This is an exchange between two of the main characters in Ex Machina. A superb thriller, the film explores a range of ethical implications concerning the human ability to transcend itself through technological innovation. In this case, it focused upon the Turing Test, and the possibility of creating a conscious machine. Early on, the two characters cited above touch on what is in my mind a crucial ambiguity in the philosophy of technology. It goes back to Plato's Phaedrus, where Socrates cites writing's divine origins. Central to my recent work has been this question of the problematic way in which technique implies transcendence in philosophical discourse. With this problem in focus, I have aimed to provide an alternative approach to basic aspects of technique, such as writing in books. In any case, Ex Machina maintained a philosophical ambition worth noting alongside its coldly narrated suspense.  


On Drones

What does Francis Fukuyama do after the end of history? In his leisure hours, he puts together little drones in his garage and then proudly exhibits them on his blog. He is part of an rapidly developing subculture: that of the homemade drone. Following in the footsteps of the model enthusiasts of the 1960s, there today exists a whole little community of amateurs who buy or construct drones at the cost of a few hundred dollars. With their microcameras on board, these machines make it possible to produce unofficial little films, some of which are strikingly beautiful. I am thinking in particular of a flight over New York in which, once over the Brooklyn Bridge, the camera scans the facades of the skyline, ending up by gliding past the flame on the Statue of Liberty. Proof enough of the validity of Walter Benjamin’s thesis that technology, today used for death-dealing purposes, may eventually recover its emancipating potential and readopt the playful and aesthetic aspirations that secretly inspire it.

Grégoire Chamayou "Theorizing the Drone," - http://wp.me/p4KhvY-4me

Longreads blog posted this interesting excerpt of four chapters from Chamayou's book A Theory of the Drone. The article contrasts the logic of the kamikaze and drone as follows: "The drone and the kamikaze stand in contrast as two opposed forms of moral sensibility, two forms of ethos that reflect each other but are each other’s antithesis and nightmare." And yes, Francis Fukuyama really is a drone hobbyist - http://on.ft.com/1EG4PyU. For another take on critical aesthetics of drone practices, the National Gallery Victoria in Melbourne, was displaying the "Untitled (Drone)" series by Trevor Paglen. The works can be seen on his website here, but really need to be seen in person to appreciate their scale. 

On Freedom Regained

Gazzaniga is interested in how complexity provides a way of understanding how minds operate in ways that can’t be either predicted or understood by only studying brain processes. Mind and consciousness are ‘emergent properties’ which arise out of nothing more than brain processes, because the complex organization of these processes creates new properties which are not found at the fundamental physical level. This explains how it can be that beliefs, desires and intentions can actually change things, without us having to think that they are mysterious, non-physical things.... This is one of the most important scientific facts we need to bear in mind when thinking about free will. Too often it can seem that, if brains are the engines of thought, then thoughts themselves cannot change anything. Complexity theory shows us how this can be false, without the need to postulate any strange, weird, supernatural or non-physical will or soul. It shows that the idea that thoughts, beliefs and desires can cause things to happen is not outmoded metaphysics, but bang up-to-date science.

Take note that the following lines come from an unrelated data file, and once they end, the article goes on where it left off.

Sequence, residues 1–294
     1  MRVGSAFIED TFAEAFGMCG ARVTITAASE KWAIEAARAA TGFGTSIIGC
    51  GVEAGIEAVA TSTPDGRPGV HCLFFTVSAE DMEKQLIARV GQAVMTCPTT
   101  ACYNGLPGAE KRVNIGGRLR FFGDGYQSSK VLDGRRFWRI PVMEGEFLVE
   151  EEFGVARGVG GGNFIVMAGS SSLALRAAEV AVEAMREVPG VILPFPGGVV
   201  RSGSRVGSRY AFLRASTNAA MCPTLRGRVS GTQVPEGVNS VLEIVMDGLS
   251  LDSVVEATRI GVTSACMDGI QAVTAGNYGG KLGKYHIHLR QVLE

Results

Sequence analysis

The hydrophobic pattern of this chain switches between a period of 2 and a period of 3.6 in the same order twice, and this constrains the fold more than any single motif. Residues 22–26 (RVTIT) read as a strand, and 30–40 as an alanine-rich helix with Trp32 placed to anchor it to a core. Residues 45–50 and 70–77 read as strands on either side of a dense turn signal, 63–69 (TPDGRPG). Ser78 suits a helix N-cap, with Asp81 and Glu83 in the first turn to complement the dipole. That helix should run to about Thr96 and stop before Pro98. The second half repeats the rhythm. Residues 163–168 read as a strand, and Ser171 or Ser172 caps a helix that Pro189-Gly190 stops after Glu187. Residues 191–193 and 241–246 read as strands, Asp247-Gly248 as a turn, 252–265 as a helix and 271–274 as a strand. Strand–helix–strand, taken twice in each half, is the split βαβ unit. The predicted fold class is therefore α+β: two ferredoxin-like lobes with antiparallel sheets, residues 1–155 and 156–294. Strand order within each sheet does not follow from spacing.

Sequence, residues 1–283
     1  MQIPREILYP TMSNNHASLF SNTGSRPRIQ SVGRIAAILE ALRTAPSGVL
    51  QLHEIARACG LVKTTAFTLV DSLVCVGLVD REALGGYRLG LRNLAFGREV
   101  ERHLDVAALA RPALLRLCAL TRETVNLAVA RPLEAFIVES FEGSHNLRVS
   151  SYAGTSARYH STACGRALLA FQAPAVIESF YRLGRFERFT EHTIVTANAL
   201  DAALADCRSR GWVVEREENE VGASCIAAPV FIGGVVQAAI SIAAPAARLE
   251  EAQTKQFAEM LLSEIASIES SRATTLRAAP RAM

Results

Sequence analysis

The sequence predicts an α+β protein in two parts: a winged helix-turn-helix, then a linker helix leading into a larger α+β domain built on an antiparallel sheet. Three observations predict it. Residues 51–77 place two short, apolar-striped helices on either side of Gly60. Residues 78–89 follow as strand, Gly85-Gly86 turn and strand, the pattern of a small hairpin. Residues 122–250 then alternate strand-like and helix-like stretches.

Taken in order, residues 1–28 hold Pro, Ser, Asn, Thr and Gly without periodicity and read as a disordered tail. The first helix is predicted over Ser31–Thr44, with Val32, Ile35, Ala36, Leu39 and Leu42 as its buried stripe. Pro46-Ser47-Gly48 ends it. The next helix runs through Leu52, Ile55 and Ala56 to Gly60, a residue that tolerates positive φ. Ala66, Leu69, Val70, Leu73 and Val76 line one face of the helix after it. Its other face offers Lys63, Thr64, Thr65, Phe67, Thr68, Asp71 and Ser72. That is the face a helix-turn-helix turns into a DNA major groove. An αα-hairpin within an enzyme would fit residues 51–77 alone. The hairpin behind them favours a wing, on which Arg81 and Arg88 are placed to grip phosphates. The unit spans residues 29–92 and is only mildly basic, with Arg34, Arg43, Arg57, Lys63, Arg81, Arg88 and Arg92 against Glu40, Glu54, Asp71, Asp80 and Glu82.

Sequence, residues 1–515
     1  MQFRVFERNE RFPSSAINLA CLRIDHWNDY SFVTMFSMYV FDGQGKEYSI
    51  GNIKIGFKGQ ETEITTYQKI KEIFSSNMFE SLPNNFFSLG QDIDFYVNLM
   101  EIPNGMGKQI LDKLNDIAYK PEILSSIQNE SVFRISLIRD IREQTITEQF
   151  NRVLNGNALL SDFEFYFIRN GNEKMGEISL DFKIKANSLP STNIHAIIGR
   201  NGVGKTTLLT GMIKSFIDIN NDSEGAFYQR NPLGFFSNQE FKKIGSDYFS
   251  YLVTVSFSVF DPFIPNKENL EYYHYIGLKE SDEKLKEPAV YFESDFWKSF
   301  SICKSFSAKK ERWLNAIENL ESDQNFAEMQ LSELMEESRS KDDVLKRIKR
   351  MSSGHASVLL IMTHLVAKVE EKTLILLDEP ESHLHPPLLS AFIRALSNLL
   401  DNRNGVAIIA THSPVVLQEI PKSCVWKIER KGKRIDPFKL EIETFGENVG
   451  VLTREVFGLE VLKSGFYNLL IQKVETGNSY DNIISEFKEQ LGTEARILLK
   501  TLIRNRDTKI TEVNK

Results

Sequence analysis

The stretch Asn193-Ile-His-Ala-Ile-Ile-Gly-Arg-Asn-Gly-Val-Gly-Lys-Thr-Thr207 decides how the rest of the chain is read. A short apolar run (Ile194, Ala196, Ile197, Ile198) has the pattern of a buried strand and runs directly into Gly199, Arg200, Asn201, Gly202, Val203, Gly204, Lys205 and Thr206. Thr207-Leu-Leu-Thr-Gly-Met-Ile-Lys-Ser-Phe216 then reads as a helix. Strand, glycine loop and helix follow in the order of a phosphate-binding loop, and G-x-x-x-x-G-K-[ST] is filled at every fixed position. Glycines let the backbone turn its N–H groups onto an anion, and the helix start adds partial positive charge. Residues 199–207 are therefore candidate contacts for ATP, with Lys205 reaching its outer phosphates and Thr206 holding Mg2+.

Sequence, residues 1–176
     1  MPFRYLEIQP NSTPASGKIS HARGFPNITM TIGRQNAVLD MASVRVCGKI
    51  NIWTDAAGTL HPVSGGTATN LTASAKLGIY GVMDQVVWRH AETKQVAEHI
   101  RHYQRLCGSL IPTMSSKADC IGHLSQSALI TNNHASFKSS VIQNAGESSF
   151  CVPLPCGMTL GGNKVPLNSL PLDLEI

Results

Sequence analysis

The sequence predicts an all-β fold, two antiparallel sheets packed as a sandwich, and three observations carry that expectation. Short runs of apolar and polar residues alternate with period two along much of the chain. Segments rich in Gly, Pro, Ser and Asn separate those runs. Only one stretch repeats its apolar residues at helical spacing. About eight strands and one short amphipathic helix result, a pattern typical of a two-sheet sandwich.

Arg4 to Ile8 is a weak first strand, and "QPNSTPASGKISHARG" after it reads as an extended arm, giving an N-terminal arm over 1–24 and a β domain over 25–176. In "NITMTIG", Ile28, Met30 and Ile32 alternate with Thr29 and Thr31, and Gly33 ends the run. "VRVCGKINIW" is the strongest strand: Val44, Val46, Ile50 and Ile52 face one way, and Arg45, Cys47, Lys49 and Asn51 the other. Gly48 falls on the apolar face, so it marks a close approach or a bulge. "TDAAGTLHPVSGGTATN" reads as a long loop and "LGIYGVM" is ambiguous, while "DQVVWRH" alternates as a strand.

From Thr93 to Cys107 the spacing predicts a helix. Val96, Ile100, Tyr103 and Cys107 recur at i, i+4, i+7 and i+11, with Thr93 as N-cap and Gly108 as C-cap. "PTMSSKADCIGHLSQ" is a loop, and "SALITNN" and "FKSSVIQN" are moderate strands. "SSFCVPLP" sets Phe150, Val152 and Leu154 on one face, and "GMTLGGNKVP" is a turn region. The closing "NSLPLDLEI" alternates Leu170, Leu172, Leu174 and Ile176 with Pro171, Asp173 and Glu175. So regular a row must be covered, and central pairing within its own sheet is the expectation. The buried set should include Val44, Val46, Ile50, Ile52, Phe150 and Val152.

Julian Baggini "Freedom Regained," - http://wp.me/p4rWb7-jR

On Free Will

Commitment, public or private, to human dignity should not entail perpetuating fictions about free will, even if we need to ward off the counter-mythology of mechanical models of agency. And behind all these discussions stands the need to remind ourselves to go on being surprised, puzzled and prompted by what we take for granted about action itself – initiating events in the world – and language: speech that makes things different. No philosophy, politics or sociology worth the name will survive without that surprise; without at least a faint taste of Golding’s potatoes.

Rowan Williams, "Can We Ever Be in Charge of Our Own Lives," - http://www.newstatesman.com/node/227255

On University Specialization

In late-18th- and early-19th-century Germany, readers troubled by the huge increase in printed material felt imperiled by a veritable ‘plague’ of books circulating among the reading public. Deep concerns about what counted as authoritative knowledge made writers and intellectuals anxious as they heard and read increasingly pointed critiques of universities as outmoded guilds that needed to justify their existence in an age of easily accessible information. Philosophers and thinkers like J.G. Fichte, F.W.J. Schelling, Friedrich Schleiermacher, and Wilhelm von Humboldt were the first to embrace and argue for the idea of a renewed university with specialized academic knowledge as its organizing system... Specialized academic knowledge, Wissenschaft, was not simply an ideology imposed by the vague rationalizing imperatives of modernity. It was a normative and ethical framework that valorized particular intellectual goods (the never-ending production of knowledge and the ability to perceive the relationships of various sciences) and inculcated particular virtues (rigor, collaboration, intellectual imagination, industriousness, responsibility, and a critical disposition). Academic knowledge tied epistemology to ethics. It formed people and grounded knowledge in a community that could sustain, cultivate, and evaluate it. And it gave rise to great achievements, from the first well-funded and organized laboratories to large philology projects used to this day.

Chad Wellmon, "In Defense of Specialization," - http://chronicle.com/article/In-Defense-of-Specialization/229023/

"Academic knowledge tied epistemology to ethics."